The failure of the canned £469m FireControl project was due to an inadequate IT contract, MPs were told at a Public Accounts Committee (PAC).
Bob Kerslake, Permanent Secretary for the Department for Communities and Local Government (DCLG), said the project's failure was due to the department's IT contract with supplier EADS. "The contract was flawed as it didn't have milestones to hold EADS to account," he said.
Bob Kerslake also acknowledged that EADS, an aeronautic defence company, lacked experience in delivering control rooms in the UK.
"The project was clearly failing in the way it was conceived and managed, but what in the end led to the project being closed down was the failure of the IT contract from 2007," said Kerslake.
The committee was told the DCLG had to wait until the end of 2010 before pulling the project to avoid exposure to high cancellation fees. In 2009 the department failed to make a convincing case that EADS was failing to deliver, the Public Accounts Committee heard.
Committee member Richard Bacon MP likened FireControl to "lions being led by donkeys", in reference to the ministers and civil servants responsible for the FireControl project and who ignored the concerns of the fire and rescue services.
"What I find extraordinary is the sheer scale of this. The government arranged this along complex, ineffective and unclear lines. This was an extraordinary failure of leadership which cost nearly two-thirds of a billion pounds," said Richard Bacon.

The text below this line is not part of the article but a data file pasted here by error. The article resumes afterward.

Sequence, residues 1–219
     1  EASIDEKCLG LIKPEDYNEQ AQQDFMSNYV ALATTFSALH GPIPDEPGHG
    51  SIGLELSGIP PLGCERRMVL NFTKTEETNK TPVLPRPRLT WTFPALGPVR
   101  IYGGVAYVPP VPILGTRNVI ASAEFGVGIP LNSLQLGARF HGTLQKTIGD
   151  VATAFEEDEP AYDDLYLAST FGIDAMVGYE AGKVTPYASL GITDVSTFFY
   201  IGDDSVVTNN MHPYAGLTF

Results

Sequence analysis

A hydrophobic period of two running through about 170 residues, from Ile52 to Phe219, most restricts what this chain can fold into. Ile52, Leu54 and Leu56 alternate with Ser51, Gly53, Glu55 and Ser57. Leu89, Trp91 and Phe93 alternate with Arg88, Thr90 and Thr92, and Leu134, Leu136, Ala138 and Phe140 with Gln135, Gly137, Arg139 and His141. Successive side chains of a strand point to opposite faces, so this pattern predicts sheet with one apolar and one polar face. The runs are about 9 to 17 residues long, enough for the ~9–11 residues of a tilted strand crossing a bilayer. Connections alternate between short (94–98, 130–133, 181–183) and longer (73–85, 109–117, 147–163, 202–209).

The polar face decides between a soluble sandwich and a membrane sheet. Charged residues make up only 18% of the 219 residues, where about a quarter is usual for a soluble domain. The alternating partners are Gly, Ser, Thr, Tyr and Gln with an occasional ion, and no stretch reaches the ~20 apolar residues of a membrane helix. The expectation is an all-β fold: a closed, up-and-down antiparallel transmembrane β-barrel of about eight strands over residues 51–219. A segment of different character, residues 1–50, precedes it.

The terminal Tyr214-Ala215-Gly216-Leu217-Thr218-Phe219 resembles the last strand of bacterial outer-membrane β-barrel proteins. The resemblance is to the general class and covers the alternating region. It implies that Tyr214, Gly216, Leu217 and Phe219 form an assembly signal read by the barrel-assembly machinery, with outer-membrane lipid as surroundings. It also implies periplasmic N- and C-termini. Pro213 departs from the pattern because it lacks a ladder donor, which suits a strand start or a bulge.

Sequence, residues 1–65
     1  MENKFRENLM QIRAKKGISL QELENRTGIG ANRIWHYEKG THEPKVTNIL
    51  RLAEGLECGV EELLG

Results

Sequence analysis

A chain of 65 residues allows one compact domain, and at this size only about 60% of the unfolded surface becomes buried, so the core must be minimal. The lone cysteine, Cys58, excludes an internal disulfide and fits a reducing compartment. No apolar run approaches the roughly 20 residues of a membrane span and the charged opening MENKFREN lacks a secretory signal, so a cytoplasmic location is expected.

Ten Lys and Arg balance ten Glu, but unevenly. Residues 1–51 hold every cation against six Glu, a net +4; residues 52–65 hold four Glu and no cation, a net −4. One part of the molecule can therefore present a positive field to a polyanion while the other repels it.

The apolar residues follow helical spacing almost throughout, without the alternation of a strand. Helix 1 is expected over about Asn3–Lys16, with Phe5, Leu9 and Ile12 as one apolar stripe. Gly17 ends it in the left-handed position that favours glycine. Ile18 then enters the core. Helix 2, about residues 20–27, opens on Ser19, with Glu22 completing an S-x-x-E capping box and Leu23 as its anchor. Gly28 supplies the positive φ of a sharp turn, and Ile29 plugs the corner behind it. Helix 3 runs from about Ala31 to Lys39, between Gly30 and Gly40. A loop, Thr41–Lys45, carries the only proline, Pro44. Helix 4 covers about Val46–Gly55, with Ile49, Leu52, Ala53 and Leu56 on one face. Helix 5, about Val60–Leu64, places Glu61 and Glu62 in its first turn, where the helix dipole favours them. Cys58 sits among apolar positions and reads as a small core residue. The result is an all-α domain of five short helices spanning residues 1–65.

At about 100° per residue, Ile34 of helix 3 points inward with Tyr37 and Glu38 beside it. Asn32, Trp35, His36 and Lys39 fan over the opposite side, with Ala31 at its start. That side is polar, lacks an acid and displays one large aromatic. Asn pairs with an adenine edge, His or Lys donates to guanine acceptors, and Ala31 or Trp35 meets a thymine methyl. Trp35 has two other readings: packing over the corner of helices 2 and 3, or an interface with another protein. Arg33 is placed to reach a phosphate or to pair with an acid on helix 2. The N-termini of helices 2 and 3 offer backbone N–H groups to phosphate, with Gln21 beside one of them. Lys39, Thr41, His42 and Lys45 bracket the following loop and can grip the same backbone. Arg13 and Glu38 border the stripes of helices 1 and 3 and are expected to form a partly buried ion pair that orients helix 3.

Regarding the ignored concerns of the fire and rescue services, Kerslake said: "Often there is an over-centralist approach to delivering projects. Central government doesn't connect with local players. The history of this goes back a long way. Bluntly put, the approach is: 'central government knows best'."
The DCLG has announced it will set aside £81m to help fire and rescue services improve resilience in the absence of the FireControl project.
Kerslake said the DCLG was working closely with fire and rescue services, which would lead bids of up to £1.8m for each service, to ensure appropriate collaboration. A further £1.8m was set aside to strengthen system interoperability, he said.
But chair of the PAC, Margaret Hodge, asked why this cost could not have been achieved earlier. "We sit here today facing a potential loss £469m, with potential further losses of £180m. Why didn't officials tell ministers that the problem of interoperability and resilience could be achieved for a cost of £83m in 2004?," Margaret Hodge asked.
Kerslake said these costs were incurred as the government was trying to achieve a higher level of resilience than it needed.